=R=
  • Post #93 - April 15th, 2018, 8:38 pm
    Post #93 - April 15th, 2018, 8:38 pm Post #93 - April 15th, 2018, 8:38 pm
    I've been playing around with my mini (3-quart) Instant Pot for a couple of weeks now. Great corned beef and great hard-boiled eggs so far; other things need a bit more practice. The mini part isn't hard; apparently you just halve the standard 6-quart recipes and keep the cooking times the same.

    I am starting to see, though, what some referred to upstream about the variability in quality and precision among online recipes. I suspect I should get one or two of the more reputable cookbooks from the library. I particularly wish I could find more consistent and reliable advice on cooking times.

    For example, for a <3-lb corned beef, I found recipes online with cooking times from 40 minutes to 90 minutes, including one or two that involved testing multiple cooking times. I eventually had great results with an old Wolfgang Puck recipe for corned beef in a stovetop pressure cooker for 90 minutes with natural (slow) pressure release. Quick release, he advised, would make the meat fibers tighten up.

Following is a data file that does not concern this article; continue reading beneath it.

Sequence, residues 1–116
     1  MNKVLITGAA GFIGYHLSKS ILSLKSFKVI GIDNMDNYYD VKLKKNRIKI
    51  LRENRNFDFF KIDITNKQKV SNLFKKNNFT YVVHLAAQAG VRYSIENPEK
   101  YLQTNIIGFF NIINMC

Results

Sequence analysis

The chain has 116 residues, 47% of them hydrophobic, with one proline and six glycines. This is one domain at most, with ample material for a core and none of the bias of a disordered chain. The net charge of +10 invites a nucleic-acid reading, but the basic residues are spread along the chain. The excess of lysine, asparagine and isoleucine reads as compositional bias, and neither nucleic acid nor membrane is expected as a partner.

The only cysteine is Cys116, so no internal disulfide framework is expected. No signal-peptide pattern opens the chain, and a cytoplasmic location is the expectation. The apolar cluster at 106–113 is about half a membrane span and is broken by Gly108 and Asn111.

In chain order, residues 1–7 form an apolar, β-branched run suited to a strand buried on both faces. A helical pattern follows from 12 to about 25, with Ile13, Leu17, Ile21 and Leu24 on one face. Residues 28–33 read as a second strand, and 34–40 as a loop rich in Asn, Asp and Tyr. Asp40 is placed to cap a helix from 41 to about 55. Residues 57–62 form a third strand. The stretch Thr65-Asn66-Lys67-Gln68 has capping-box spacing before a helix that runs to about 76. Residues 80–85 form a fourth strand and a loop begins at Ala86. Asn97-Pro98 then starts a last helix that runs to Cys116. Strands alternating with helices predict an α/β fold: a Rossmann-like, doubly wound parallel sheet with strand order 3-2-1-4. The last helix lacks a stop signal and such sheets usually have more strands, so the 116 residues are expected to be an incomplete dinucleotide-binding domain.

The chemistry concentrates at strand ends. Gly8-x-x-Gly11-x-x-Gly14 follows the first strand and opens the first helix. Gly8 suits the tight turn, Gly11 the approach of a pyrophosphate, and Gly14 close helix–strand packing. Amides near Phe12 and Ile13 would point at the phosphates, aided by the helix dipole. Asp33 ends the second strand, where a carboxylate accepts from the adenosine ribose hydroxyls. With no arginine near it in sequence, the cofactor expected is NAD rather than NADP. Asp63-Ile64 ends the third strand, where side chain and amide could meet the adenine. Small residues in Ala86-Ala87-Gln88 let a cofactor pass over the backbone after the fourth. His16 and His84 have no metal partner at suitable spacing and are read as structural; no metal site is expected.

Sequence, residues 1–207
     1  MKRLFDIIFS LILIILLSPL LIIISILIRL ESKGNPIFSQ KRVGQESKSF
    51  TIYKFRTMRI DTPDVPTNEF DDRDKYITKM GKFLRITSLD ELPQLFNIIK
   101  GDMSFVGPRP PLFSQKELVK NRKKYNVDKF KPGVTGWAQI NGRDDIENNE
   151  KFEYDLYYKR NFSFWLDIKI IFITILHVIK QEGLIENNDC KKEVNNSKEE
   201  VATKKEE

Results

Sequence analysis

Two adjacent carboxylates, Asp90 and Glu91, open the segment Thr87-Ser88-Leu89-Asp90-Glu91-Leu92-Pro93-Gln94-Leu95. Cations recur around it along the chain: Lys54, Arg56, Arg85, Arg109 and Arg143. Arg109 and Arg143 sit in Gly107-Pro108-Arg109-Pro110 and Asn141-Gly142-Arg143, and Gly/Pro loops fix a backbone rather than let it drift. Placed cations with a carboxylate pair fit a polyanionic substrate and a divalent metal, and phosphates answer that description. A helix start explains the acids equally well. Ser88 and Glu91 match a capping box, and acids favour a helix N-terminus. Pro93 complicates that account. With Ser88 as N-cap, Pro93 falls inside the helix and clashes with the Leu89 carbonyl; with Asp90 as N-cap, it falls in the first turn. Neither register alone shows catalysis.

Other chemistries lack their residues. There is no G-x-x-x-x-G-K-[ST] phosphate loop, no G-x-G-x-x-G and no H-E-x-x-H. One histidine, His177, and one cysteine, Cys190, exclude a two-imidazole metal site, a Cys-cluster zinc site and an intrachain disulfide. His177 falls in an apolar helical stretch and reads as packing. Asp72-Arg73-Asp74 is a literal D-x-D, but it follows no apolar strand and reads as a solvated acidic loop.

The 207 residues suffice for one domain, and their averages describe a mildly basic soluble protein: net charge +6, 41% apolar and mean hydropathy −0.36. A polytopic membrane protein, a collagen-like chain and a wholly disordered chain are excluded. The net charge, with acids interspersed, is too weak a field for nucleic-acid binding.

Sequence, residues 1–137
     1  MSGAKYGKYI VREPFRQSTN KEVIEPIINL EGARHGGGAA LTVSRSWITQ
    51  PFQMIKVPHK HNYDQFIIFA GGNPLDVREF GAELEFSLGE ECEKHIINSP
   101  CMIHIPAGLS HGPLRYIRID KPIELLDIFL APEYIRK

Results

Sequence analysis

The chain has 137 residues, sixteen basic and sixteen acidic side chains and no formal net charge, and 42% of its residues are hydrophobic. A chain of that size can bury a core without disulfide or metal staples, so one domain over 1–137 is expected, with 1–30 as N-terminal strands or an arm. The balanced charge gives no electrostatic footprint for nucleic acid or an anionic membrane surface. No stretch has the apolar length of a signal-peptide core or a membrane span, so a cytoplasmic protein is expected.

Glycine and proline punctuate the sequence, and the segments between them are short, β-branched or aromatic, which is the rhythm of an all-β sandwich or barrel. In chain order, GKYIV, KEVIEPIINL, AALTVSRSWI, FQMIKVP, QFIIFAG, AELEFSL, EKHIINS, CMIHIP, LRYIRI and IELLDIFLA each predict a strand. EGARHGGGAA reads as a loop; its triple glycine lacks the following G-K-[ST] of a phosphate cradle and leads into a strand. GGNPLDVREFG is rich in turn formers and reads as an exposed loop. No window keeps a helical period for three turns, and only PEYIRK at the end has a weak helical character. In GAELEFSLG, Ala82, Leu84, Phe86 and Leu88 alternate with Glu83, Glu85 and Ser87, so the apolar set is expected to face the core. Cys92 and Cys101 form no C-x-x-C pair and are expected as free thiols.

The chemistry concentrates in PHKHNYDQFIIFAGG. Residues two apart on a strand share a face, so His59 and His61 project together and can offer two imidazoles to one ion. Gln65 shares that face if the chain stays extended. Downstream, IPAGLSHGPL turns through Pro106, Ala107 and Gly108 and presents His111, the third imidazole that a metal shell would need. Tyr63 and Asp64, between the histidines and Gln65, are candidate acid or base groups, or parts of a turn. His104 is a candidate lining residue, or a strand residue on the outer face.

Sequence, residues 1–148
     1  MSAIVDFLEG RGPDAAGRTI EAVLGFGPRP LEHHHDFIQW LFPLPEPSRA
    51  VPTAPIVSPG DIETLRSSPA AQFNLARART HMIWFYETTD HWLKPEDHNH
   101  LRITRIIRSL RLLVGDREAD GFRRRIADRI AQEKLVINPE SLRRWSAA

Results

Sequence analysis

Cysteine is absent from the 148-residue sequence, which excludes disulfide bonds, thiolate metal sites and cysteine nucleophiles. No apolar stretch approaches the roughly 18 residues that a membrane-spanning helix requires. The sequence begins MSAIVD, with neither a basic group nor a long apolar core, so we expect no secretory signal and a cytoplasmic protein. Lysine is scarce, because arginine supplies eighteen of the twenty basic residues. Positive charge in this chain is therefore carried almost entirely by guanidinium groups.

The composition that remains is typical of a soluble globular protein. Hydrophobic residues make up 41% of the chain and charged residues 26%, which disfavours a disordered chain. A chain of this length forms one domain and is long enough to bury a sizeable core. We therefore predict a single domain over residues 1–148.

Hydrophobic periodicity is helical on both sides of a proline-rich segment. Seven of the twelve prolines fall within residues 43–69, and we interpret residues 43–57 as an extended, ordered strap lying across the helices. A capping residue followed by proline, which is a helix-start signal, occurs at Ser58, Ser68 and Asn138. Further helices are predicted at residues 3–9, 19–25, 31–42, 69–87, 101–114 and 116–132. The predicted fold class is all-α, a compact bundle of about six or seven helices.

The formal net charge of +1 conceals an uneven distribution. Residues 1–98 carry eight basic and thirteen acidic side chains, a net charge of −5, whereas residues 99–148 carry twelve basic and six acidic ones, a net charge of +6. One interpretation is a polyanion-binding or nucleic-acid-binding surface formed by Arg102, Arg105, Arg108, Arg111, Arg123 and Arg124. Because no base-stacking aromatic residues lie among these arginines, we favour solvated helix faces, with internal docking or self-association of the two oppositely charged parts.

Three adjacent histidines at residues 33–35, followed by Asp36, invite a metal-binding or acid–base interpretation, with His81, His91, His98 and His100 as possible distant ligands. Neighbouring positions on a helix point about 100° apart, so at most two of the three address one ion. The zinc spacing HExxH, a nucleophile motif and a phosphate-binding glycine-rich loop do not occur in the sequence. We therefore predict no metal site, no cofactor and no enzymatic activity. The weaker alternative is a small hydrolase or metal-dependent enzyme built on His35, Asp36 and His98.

Tonight I'm researching recipes for Japanese beef curry. I know how to make the curry sauce; that's not an issue. (I'd also rather do the browning on the stovetop than in the little IP pot). What is an issue is that I'm finding pressure cooking times everywhere from 4 minutes to 32 minutes (with natural pressure release) for a pound of beef and a couple of cubed potatoes and carrots.

    Such variation wouldn't matter much in a stovetop recipe, but what with cooking at high pressure and waiting for the pressure to dissipate and opening and testing and contemplate bringing it back up to pressure to cook more, it's more of a pain, not to mention a longer learning curve for each dish. Just wondering, does anyone have any suggestions for reliable guidance, online or off, for IP cooking times by food type (and for meats, by cut)?
    "I would gladly pay you Tuesday for a hamburger today."
  • Post #94 - April 18th, 2018, 2:55 pm
    Post #94 - April 18th, 2018, 2:55 pm Post #94 - April 18th, 2018, 2:55 pm
    The handy and fairly comprehensive tables on this website look like the kind of guidelines I was hoping for (except that I do not see a listing for brisket/corned beef). I'll do some testing. (Note, times are for stovepot pressure cookers; instructions for adjustment to electronic/lower-pressure cookers are provided).
    "I would gladly pay you Tuesday for a hamburger today."